Ernst & Young faces accusations it “actively concealed” a six-year fraud from investors in a fresh lawsuit over its auditing work for the troubled NMC Health.
The hospital operator’s founder, Bavaguthu Raghuram Shetty, said the accounting giant enjoyed a “deep and cozy” relationship with executives at the troubled firm, alleging that the auditors turned a blind eye to thousands of suspicious transactions. Shetty is seeking $7bn from the lawsuit.
The Indian entrepreneur filed a suit in New York last week, naming Ernst & Young as a co-conspirator in the fraud alongside former executives, and said investors lost more than $10bn.
“EY’s misconduct was not one of professional negligence, but rather EY actively and intentionally conspired with the defendants to conceal their fraudulent conduct,” Shetty’s lawyer said in the court filings.
The allegations of fictitious invoices and inflated financial health between 2013 and 2019 are the most detailed yet from Shetty, who is separately fighting claims from creditors following NMC’s collapse in April last year.
The firm was put into administration in April last year by a London court as the depths of the healthcare provider’s troubles emerged. Shares of the company plunged at the end of 2019 before falling further amid allegations of fraud.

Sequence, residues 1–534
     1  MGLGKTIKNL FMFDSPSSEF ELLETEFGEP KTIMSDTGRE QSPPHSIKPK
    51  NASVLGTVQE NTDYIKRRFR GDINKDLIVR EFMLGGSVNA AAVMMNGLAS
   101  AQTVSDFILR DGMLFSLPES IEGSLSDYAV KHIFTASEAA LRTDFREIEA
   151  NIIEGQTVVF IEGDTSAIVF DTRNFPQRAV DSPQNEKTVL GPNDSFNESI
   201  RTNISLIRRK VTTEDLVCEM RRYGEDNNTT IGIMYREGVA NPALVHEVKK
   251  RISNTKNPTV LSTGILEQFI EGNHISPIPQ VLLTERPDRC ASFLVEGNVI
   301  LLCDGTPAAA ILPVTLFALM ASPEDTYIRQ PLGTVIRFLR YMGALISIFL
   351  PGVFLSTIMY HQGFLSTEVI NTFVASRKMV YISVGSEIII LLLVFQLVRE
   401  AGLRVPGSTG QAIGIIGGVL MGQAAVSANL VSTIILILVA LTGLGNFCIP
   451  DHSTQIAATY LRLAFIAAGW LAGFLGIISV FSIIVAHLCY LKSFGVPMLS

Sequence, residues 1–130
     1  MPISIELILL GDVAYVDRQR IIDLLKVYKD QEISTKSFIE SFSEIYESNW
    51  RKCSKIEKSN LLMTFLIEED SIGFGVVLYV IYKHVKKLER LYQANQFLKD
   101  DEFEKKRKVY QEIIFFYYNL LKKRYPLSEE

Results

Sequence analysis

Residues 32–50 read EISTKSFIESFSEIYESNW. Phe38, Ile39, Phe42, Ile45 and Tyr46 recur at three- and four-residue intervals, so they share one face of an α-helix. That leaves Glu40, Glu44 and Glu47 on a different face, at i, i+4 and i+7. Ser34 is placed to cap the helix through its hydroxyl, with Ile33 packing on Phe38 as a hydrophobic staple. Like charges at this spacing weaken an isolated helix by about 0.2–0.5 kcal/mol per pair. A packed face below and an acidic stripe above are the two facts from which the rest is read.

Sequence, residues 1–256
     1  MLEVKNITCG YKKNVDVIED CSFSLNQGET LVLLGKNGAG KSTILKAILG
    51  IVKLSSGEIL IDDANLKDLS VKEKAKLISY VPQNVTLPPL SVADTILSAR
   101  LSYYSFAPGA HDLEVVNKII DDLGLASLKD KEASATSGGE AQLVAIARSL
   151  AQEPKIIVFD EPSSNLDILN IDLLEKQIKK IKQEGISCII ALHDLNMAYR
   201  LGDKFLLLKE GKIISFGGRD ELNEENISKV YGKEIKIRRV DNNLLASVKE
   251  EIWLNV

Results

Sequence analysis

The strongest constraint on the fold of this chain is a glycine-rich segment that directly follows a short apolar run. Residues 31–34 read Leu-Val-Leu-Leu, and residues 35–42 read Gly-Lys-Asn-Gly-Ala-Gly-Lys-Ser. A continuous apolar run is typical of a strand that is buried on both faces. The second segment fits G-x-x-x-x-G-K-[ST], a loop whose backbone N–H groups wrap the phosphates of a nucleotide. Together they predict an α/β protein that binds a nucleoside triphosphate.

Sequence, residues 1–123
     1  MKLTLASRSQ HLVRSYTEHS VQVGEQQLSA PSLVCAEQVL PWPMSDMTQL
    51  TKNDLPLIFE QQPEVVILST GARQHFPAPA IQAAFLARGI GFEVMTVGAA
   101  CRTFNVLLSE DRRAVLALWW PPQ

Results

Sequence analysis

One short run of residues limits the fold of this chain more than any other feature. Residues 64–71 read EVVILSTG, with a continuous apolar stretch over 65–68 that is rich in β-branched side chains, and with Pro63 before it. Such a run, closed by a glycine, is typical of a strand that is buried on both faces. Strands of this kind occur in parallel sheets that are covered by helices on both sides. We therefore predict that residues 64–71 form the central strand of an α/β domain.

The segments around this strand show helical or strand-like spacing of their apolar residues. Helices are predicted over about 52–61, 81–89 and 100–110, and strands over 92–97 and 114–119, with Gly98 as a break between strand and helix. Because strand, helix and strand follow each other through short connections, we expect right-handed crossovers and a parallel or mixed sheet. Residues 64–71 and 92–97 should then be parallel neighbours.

Lawyers for Shetty declined to comment beyond the suit.
The latest suit piles yet more legal and regulatory pressure on Ernst & Young, which is now preparing to defend multiple suits over the quality of its audit.
“We believe this case is without merit and we intend to defend it vigorously,” Ernst & Young said in a statement on the US suit.
Shetty, who was the second-largest shareholder in NMC, is seeking about $7bn in the New York lawsuit. He has pursued his own investigation as he insists he was a victim rather than the perpetrator of the fraud. He is facing a suit from NMC’s main creditor alleging that he oversaw the fraudulent transactions.
He has now turned his ire on the auditor saying it went from being a “pliable auditor that performed soft audits” to an “active co-conspirator”.
Ernst & Young, which audited NMC as well as other linked companies, never questioned financial figures and proceeded to rubber stamp the audit certificates, Shetty said. Any arms-length review would have spotted red flags, including thousands of transactions shuttled between group companies, he said.
On one occasion, the auditors certified account balances at a group company without receiving the corresponding bank statements, according to the claim.
On another, Ernst & Young was sent spreadsheets with sales figures for the entirety of 2019, even though the document was prepared in September of that year.
The former executives forged Shetty’s signature on 127 personal guarantees tied to some $4.5bn in loans, he said. Lenders are now seeking repayment on those same loans, he said.
The filing also detailed payments made to the executives and board members, with Shetty saying they appeared to pay themselves kickbacks.
The former executives deny wrongdoing, a London judge said in a ruling on a separate case.
The New York suit comes as the accounting firm faces a separate legal claim brought by NMC’s administrators Alvarez & Marsal in London. The auditor is also under investigation by the UK accounting watchdog over NMC’s 2018 financial statements.